US2723243A - Manufacture of silica-metal oxide spheroids - Google Patents

Manufacture of silica-metal oxide spheroids Download PDF

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US2723243A
US2723243A US301783A US30178352A US2723243A US 2723243 A US2723243 A US 2723243A US 301783 A US301783 A US 301783A US 30178352 A US30178352 A US 30178352A US 2723243 A US2723243 A US 2723243A
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alumina
silica
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spheroids
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Donald L Holden
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Universal Oil Products Co
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    • BPERFORMING OPERATIONS; TRANSPORTING
    • B01PHYSICAL OR CHEMICAL PROCESSES OR APPARATUS IN GENERAL
    • B01JCHEMICAL OR PHYSICAL PROCESSES, e.g. CATALYSIS OR COLLOID CHEMISTRY; THEIR RELEVANT APPARATUS
    • B01J21/00Catalysts comprising the elements, oxides, or hydroxides of magnesium, boron, aluminium, carbon, silicon, titanium, zirconium, or hafnium
    • CCHEMISTRY; METALLURGY
    • C10PETROLEUM, GAS OR COKE INDUSTRIES; TECHNICAL GASES CONTAINING CARBON MONOXIDE; FUELS; LUBRICANTS; PEAT
    • C10GCRACKING HYDROCARBON OILS; PRODUCTION OF LIQUID HYDROCARBON MIXTURES, e.g. BY DESTRUCTIVE HYDROGENATION, OLIGOMERISATION, POLYMERISATION; RECOVERY OF HYDROCARBON OILS FROM OIL-SHALE, OIL-SAND, OR GASES; REFINING MIXTURES MAINLY CONSISTING OF HYDROCARBONS; REFORMING OF NAPHTHA; MINERAL WAXES
    • C10G45/00Refining of hydrocarbon oils using hydrogen or hydrogen-generating compounds
    • C10G45/02Refining of hydrocarbon oils using hydrogen or hydrogen-generating compounds to eliminate hetero atoms without changing the skeleton of the hydrocarbon involved and without cracking into lower boiling hydrocarbons; Hydrofinishing
    • C10G45/04Refining of hydrocarbon oils using hydrogen or hydrogen-generating compounds to eliminate hetero atoms without changing the skeleton of the hydrocarbon involved and without cracking into lower boiling hydrocarbons; Hydrofinishing characterised by the catalyst used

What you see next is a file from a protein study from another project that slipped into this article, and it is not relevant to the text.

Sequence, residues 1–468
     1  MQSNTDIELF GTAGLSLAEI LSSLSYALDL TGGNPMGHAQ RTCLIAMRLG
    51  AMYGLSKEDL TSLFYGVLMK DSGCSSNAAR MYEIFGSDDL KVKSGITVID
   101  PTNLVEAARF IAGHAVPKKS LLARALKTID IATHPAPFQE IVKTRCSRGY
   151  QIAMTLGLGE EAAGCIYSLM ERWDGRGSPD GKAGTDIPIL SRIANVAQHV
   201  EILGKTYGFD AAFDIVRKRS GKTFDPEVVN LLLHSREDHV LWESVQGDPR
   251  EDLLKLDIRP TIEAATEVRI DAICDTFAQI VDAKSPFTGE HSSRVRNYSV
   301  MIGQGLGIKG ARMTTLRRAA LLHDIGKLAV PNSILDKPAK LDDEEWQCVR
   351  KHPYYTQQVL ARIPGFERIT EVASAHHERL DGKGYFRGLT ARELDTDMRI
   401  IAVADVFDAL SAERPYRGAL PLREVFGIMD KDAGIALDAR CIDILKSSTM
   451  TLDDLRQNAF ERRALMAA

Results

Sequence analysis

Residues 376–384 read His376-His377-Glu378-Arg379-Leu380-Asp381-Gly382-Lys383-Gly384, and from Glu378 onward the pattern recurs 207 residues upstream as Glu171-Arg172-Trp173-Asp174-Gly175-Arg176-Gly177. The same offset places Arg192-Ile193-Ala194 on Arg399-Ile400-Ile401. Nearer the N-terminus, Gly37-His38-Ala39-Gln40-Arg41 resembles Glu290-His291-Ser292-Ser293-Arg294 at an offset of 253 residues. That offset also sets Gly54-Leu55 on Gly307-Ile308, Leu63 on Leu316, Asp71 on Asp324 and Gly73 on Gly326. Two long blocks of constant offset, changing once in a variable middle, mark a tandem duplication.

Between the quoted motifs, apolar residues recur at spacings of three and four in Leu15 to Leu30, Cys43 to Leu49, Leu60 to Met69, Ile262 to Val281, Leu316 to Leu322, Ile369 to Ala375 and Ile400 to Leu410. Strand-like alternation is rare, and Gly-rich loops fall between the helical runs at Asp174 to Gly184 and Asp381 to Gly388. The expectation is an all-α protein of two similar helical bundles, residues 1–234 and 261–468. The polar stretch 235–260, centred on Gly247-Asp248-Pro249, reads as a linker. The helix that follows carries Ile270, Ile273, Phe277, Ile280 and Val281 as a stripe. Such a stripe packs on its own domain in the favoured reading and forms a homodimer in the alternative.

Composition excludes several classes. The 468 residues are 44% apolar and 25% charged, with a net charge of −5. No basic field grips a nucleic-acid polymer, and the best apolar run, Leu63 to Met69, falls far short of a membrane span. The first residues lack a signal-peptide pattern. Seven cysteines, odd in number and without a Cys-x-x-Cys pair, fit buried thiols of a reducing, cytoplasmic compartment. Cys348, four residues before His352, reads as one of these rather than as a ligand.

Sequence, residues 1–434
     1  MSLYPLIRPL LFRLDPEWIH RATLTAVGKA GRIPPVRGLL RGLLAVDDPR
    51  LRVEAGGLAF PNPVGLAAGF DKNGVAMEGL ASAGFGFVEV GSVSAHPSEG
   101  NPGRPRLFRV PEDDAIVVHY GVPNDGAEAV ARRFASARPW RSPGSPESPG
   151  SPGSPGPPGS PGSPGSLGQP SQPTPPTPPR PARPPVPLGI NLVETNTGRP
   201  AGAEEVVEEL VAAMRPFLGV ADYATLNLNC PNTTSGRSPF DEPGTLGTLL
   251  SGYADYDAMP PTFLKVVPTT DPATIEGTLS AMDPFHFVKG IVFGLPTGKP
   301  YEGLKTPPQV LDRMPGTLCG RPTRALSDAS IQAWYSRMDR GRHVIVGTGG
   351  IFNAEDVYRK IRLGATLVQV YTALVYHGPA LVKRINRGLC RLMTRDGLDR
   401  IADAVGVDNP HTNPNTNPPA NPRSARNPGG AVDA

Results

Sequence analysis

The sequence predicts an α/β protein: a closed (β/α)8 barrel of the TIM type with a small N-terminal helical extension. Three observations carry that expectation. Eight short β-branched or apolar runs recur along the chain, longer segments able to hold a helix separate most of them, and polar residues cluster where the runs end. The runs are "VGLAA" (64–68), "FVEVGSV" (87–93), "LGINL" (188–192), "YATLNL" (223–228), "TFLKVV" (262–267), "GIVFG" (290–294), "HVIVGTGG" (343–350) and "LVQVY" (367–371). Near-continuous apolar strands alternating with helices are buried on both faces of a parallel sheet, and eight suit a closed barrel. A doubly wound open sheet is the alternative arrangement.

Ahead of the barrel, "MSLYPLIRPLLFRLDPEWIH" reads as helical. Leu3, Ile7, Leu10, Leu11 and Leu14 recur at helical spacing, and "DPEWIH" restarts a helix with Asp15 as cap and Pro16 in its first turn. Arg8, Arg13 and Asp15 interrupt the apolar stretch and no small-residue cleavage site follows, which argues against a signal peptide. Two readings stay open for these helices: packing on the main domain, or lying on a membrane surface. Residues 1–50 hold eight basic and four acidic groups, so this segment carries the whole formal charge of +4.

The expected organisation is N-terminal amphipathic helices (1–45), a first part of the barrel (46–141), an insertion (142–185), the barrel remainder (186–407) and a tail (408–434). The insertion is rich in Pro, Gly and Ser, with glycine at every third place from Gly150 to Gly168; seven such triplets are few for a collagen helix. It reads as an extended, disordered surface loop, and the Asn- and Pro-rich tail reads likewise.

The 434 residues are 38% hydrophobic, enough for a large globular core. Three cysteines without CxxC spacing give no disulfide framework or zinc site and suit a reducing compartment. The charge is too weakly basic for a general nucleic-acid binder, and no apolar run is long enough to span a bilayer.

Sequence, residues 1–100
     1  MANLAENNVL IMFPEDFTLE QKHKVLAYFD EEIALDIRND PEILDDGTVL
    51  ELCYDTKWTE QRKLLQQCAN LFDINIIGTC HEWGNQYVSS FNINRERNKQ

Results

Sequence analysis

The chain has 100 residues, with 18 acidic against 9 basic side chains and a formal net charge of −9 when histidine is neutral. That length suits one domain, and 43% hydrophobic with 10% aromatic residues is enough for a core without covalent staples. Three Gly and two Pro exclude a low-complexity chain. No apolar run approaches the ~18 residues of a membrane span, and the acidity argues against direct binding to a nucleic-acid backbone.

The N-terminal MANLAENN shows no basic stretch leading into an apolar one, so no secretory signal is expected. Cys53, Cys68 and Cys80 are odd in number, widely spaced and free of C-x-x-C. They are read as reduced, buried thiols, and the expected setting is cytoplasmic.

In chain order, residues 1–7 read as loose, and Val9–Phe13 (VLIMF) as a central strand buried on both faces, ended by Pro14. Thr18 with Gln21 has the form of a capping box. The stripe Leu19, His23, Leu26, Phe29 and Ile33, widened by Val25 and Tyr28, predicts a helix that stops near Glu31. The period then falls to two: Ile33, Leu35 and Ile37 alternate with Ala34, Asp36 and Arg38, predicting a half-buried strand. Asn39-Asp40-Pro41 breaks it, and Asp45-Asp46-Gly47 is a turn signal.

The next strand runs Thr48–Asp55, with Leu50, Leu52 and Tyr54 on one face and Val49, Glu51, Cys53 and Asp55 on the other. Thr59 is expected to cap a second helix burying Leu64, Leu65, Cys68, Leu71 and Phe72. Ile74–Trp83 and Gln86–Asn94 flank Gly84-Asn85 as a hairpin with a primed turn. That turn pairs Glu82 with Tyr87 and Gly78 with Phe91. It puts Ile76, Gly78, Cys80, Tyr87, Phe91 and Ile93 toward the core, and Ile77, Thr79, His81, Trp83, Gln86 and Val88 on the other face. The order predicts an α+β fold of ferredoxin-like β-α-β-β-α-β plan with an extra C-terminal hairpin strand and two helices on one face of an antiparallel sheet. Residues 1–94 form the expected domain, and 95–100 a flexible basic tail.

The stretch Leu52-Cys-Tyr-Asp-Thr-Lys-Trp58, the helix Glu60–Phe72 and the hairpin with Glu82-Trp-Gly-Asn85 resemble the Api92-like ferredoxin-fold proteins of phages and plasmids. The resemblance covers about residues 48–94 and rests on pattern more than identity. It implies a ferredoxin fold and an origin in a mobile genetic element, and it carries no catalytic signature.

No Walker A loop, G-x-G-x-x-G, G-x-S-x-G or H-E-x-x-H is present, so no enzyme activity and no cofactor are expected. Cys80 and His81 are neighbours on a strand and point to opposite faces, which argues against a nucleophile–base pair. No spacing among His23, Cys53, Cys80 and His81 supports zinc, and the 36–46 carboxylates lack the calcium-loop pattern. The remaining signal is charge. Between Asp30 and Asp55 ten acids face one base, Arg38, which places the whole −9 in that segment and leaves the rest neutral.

Description

United States PatentO MANUFACTURE OF SILICA-METAL OXIDE SPHEROIDS Donald L. Holden, Riverside, 111., assignor to Universal Oil Products Company, Chicago, 111., a corporation of Delaware No Drawing. Application July 30, 1952, Serial No. 301,783

11 Claims. (Cl. 252-448) This invention relates to the manufacture of silica-metal oxide spheroids and in one embodiment relates to the preparation of these spheroids for use as a catalyst for the conversion of hydrocarbons.

Silica, silica-alumina, and silica. base catalysts contain-- ing other metal oxides have long been used as hydrocarbon conversion catalysts. In one method these are prepared by separately precipitating or coprecipitating the various components which are subsequently ground to the desired size. In another method catalysts are prepared in the form of spheres which are superior to the ground catalyst in that each individual sphere has inherent resistance to attrition, thereby reducing catalyst losses due to the formation of fines. Furthermore, the substantially spherical shape of the catalyst particles imparts to them the characteristic of flowing freely when used in moving bed or fluidized operations.

At present, silica-metal oxide catalysts are prepared by two general methods. The first, hereinafter called the impregnation method, comprises preparing a silica sol and subsequently dispersing the sol in the form of finely divided particles in a suitable medium wherein the sol sets into a gel when spheres are desired, or gelling the sol in another convenient form if ground catalyst is desired. For the purpose of this discussion only spherical catalysts will be considered, although it is understood that the present invention will apply to other forms of catalysts. The spheroids or substantially spherical particles are subsequently impregnated with a solution of metal salt which is precipitated in and on the spheroids with a basic solution. The impregnated gel spheroids are then washed, dried and calcined.

The second method of preparing spheroidal catalysts, hereinafter called the cogellation method, comprises mixing a solution of a metal salt with a silica sol and dispersing this mixture in the manner described above so as to cause the mixture to gel into hydrogel spheroids with the metal salt contained homogeneously therein.

Patented Nov. 8, 1955 impregnated on a catalyst is limited. Furthermore, it is difiicult to control the exact amount of alumina that will be impregnated into a catalyst composite in that it is difficult to predict how much of the impregnating solution will be retained in the catalyst during the soaking period and it is also dilficult to predict what per cent of that which is retained will be precipitated firmly on the surface of the catalyst. Impregnation methods are also characterized by formations of metal oxide slimes which are precipitated metal salts that are not firmly bound to the spheroids. Slimes cause diificulty in washing and filtering the spheroids and further represent losses of material.